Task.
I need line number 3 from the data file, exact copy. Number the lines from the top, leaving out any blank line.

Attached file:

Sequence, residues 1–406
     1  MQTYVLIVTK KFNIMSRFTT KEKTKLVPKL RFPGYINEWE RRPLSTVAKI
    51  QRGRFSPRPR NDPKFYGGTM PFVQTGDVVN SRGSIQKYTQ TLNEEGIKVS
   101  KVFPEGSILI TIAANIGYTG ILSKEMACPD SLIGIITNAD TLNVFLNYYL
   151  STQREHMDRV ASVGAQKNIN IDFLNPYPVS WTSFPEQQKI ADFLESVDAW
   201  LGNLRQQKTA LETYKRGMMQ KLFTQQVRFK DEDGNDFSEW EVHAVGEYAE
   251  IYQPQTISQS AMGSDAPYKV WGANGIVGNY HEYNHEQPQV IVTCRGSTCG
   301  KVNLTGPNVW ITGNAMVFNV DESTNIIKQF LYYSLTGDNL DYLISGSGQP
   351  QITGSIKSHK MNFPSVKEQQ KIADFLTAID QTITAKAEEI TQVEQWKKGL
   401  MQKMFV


    51  QRGRFSPRPR NDPKFYGGTM PFVQTGDVVN SRGSIQKYTQ TLNEEGIKVS